Thursday, September 15, 2005

Series: The Babysitters Club

The Truth about Stacey by Ann M. Martin, Bsc #03, 1995

This summer we began culling the bookcases to make a few paltry holes for the unending publishing influx that continues to stream into our hobbit hole. Entling no. 2 who is in college, allowed that she could part with her beloved Babysitters Club books. I think we had the complete set. For years I thought she would never move on to any other reading. She did of course. She took off to Middle Earth and in many ways (along with her family) never came back but the books were still a form of comfort food in stressful times.

I find now that I am the one having a hard time parting with these books. I am looking at a box right filled to the top with those distinctive covers. I will always remember my youngest daughter looking at me with horror moments after learning she had Type 1 diabetes and saying, "but Mom, there is no cure for diabetes, I know because I read about it in a Babysitters Club book!"

The local elementary is having a book drive for children affected by Katrina. I think these books have more stories to tell.

When I read that Scholastic is transmorgrifying (thank you Calvin and Hobbes for such a useful word) the series to a graphic novel format with graphic artist Raina Telgemeier I was interested. Telgemeier was a huge fan of the series as a girl.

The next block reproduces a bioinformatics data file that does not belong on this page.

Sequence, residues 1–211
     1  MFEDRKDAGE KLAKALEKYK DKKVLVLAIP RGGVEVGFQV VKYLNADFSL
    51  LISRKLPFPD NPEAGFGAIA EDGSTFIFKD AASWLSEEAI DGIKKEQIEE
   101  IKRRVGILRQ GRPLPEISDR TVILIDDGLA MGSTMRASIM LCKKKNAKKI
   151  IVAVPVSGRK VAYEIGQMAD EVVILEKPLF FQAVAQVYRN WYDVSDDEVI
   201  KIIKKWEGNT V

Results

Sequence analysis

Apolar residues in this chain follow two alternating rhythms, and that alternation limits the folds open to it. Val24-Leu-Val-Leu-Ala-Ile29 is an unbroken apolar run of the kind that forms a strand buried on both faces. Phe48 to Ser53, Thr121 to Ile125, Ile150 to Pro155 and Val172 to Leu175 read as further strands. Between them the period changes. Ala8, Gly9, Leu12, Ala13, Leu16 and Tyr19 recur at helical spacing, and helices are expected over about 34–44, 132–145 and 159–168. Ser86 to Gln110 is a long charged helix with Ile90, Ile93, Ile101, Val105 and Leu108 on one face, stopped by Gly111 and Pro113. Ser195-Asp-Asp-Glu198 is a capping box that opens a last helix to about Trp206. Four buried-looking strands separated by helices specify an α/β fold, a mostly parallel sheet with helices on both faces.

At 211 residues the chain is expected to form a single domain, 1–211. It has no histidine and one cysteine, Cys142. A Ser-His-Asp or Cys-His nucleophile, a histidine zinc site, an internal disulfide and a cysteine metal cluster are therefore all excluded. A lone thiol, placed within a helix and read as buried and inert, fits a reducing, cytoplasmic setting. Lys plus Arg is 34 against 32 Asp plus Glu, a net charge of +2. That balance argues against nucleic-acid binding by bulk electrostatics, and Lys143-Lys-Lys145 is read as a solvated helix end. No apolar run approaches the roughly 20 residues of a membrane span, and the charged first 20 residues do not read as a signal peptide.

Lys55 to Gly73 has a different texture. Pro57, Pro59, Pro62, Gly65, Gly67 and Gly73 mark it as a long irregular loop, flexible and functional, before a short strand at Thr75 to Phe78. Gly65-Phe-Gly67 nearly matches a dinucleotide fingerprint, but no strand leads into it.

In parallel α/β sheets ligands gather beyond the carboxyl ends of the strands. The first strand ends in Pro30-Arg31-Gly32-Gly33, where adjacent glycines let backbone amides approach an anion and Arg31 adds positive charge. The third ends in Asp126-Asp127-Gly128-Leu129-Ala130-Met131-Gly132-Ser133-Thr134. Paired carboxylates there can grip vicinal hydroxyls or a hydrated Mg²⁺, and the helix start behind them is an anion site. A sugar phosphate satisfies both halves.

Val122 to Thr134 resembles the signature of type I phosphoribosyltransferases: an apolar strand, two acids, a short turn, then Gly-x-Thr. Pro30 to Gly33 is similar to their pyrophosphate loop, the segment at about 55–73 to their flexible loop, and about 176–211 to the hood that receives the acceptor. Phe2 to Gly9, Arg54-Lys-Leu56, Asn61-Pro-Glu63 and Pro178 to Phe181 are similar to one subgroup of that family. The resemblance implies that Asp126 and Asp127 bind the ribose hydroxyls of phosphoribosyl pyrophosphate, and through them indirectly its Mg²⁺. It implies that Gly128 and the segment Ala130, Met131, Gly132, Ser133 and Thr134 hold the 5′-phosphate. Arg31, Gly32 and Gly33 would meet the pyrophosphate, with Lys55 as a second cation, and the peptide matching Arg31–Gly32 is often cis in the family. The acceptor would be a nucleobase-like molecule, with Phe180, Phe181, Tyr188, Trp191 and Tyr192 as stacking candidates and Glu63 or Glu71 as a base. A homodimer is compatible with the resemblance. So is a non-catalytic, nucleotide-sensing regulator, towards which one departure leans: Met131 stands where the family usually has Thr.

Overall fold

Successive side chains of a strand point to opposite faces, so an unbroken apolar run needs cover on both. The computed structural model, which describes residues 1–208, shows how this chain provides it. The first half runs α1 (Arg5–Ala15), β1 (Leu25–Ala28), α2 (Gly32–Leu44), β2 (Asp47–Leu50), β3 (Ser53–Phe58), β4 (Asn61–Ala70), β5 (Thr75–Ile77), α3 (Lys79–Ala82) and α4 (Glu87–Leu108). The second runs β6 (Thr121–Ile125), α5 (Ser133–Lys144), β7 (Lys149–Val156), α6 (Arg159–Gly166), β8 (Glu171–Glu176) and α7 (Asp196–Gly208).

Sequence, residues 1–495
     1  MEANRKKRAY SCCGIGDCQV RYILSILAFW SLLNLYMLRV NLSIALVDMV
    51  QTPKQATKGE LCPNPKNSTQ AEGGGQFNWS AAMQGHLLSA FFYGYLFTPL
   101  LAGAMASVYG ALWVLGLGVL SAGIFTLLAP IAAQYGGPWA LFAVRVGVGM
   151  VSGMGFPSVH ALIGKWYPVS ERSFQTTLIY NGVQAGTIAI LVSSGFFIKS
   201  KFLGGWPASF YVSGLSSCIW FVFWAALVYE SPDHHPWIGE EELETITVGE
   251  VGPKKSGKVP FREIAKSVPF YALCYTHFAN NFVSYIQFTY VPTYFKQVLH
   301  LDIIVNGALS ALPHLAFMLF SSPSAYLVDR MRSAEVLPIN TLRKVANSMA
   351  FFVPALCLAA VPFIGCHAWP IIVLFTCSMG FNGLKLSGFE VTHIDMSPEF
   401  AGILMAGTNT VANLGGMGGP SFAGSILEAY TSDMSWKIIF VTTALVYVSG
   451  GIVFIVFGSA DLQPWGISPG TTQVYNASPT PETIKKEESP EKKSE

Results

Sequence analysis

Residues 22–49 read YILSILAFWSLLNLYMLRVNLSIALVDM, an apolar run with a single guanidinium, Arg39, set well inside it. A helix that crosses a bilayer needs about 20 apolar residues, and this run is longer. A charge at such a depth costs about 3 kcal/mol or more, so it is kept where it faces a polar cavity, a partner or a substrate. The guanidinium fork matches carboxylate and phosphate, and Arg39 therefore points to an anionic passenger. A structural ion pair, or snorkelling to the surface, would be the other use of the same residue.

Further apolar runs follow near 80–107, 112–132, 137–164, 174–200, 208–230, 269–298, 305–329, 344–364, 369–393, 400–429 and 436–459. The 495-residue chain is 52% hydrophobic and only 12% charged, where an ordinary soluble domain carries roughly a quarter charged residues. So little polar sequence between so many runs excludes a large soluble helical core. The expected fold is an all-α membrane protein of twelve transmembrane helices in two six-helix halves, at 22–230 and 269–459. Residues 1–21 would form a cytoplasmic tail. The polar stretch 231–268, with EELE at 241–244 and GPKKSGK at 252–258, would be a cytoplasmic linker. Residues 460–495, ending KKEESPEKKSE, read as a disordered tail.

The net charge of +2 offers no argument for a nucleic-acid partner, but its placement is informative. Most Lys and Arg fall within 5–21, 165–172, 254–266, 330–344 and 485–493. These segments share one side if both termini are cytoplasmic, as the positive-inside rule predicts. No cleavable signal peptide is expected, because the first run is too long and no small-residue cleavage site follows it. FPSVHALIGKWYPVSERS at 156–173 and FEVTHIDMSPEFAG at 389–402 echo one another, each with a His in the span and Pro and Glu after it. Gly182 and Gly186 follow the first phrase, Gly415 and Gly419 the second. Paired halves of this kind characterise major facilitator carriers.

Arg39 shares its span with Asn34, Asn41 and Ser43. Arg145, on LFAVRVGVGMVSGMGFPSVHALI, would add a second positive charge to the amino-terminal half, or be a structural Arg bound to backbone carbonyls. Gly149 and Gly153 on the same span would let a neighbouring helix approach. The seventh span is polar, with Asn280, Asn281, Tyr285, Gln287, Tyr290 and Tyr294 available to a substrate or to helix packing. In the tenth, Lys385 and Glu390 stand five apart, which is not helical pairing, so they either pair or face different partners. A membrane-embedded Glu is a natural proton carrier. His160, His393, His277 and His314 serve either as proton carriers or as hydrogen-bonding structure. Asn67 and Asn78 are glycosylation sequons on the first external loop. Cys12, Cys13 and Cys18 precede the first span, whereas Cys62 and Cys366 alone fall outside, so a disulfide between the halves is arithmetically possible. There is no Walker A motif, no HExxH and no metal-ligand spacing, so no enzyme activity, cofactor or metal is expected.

...while meeting with the editors of Scholastic about getting involved in the Graphix imprint, they asked her what she had most liked to read as a child. “I mentioned being a fan of The Baby-sitters Club,” she says. “And they said, ‘Why not try doing a sample of that as a comic?’ ” Telgemeier submitted some drawings and layouts, and the editors were immediately won over. “She drew the characters with so much charm and affection, that we knew this was a perfect pairing of artist and material,” says Saylor.

Author Ann M. Martin's comment sounded a chord in my heart for sure.

Martin says she hears from women like Telgemeier quite often. “I get lots of letters now from women who are in their mid-twenties,” she says. “They talk about how much they liked the books and how much they meant to them when they were young. Most of them are still interested in going back to them every now and then, even in their mid-twenties.”

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